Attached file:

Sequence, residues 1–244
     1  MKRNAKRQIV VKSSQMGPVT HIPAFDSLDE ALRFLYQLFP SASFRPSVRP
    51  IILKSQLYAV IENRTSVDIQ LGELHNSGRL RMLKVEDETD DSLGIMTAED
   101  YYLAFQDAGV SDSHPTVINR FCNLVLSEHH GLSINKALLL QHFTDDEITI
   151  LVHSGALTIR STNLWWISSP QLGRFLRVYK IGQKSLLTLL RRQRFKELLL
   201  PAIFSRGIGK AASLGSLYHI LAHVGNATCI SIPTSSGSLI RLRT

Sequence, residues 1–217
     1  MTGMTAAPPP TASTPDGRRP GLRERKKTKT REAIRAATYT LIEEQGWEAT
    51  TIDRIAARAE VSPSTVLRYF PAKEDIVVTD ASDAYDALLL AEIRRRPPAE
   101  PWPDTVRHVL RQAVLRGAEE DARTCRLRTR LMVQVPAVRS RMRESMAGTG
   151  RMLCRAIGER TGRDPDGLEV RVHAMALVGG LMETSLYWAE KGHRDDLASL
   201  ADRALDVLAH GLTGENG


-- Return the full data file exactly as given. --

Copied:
Sequence, residues 1–244
     1  MKRNAKRQIV VKSSQMGPVT HIPAFDSLDE ALRFLYQLFP SASFRPSVRP
    51  IILKSQLYAV IENRTSVDIQ LGELHNSGRL RMLKVEDETD DSLGIMTAED
   101  YYLAFQDAGV SDSHPTVINR FCNLVLSEHH GLSINKALLL QHFTDDEITI
   151  LVHSGALTIR STNLWWISSP QLGRFLRVYK IGQKSLLTLL RRQRFKELLL
   201  PAIFSRGIGK AASLGSLYHI LAHVGNATCI SIPTSSGSLI RLRT

Sequence, residues 1–217
     1  MTGMTAAPPP TASTPDGRRP GLRERKKTKT REAIRAATYT LIEEQGWEAT
    51  TIDRIAARAE VSPSTVLRYF PAKEDIVVTD ASDAYDALLL AEIRRRPPAE
   101  PWPDTVRHVL RQAVLRGAEE DARTCRLRTR LMVQVPAVRS RMRESMAGTG
   151  RMLCRAIGER TGRDPDGLEV RVHAMALVGG LMETSLYWAE KGHRDDLASL
   201  ADRALDVLAH GLTGENG